WASHINGTON, D.C. - Conclusions from a broad investigation by the U.S. Consumer Product Safety Commission (CPSC) presented to Ft. Bragg military officials and families today, found no evidence either of problem drywall or environmental factors linked to the deaths of three infants. This investigation confirms the results of previous analysis of Ft. Bragg homes by others, which also found no link to problem drywall.
Studies conducted by the nationally recognized firm Environmental Health and Engineering, Inc. (EH&E), under contract with CPSC, looked at the drywall to see if it met the criteria established by CPSC and other federal agencies for identifying “problem” drywall. EH&E also studied the indoor environment and the heating, ventilating, and air-conditioning system to determine if possible environmental factors may have contributed to the infant deaths.
The EH&E report presents data from samples taken from two homes at Ft. Bragg where three infants died.
All chemical and physical testing and evaluation established that the drywall in the two homes studied did not contain the factors that identify problem drywall other than the time period of construction.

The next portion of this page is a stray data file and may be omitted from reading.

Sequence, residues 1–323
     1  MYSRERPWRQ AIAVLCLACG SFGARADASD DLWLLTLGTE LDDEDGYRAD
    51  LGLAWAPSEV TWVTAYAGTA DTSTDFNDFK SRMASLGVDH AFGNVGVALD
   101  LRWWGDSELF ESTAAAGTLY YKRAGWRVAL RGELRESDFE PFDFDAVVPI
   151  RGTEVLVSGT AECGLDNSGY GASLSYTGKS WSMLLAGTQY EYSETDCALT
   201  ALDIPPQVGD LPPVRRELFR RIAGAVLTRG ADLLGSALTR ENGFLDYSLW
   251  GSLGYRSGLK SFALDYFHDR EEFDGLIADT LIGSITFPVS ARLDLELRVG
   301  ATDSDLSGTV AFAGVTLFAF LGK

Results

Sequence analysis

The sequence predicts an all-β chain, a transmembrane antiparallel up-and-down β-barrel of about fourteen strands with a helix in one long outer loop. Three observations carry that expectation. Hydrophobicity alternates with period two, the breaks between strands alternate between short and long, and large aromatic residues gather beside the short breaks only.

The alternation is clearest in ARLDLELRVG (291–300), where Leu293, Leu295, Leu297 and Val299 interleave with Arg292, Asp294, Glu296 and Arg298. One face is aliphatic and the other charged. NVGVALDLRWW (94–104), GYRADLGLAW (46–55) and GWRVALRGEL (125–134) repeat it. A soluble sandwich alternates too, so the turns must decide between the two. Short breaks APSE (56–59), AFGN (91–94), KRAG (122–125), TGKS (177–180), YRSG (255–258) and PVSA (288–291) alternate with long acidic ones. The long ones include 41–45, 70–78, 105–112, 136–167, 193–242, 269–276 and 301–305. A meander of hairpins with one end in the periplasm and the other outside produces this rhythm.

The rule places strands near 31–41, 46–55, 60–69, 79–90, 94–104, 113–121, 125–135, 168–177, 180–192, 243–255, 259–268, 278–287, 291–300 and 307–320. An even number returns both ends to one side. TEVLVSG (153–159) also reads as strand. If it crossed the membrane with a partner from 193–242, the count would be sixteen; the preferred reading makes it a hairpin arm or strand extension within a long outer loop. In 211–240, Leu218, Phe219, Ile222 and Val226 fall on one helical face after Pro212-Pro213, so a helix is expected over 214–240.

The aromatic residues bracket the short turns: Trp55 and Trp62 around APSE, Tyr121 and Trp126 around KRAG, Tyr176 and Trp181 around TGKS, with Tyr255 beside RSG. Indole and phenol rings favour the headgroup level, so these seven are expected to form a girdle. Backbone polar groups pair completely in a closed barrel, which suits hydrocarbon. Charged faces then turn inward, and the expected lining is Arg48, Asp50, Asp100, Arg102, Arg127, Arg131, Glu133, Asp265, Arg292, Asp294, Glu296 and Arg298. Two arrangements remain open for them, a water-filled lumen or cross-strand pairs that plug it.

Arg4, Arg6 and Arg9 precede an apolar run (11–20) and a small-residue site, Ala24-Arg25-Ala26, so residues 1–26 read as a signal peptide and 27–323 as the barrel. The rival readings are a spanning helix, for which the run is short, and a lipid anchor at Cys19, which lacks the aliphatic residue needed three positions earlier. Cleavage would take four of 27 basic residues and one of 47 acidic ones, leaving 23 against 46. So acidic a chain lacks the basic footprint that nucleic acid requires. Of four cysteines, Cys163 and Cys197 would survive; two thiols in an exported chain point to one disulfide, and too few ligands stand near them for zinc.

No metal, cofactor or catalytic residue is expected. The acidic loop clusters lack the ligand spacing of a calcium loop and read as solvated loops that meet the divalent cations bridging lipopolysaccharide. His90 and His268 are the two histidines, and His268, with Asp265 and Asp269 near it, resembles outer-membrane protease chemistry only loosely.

EH&E’s environmental testing included nearly 400 different tests conducted for fungi, metals, pesticides, PCB’s, organic compounds, aldehydes, and volatile organic compounds in the water, air, and dust. From all this testing, only the levels of two pesticides, permetherin and cypermetherin, were found to be in the high, normal range. All other pesticides were either not detectable or in the low range.
CPSC recommended to Ft. Bragg that additional pesticide testing be conducted of dust samples previously collected, to better estimate the concentrations of pesticides that could have been present in the homes at the time of the deaths. Ft. Bragg is currently working with EH&E on detailed testing of these pesticides.
CPSC is in the final stages of completing its scientific investigation into problem drywall. For additional findings from the Interagency Drywall Task Force’s investigation, visit www.DrywallResponse.gov
The U.S. Consumer Product Safety Commission is charged with protecting the public from unreasonable risks of injury or death associated with the use of the thousands of consumer products under the agency's jurisdiction. Deaths, injuries and property damage from consumer product incidents cost the nation more than $900 billion annually. CPSC is committed to protecting consumers and families from products that pose a fire, electrical, chemical or mechanical hazard. CPSC's work to ensure the safety of consumer products - such as toys, cribs, power tools, cigarette lighters and household chemicals - contributed to a decline in the rate of deaths and injuries associated with consumer products over the past 30 years.
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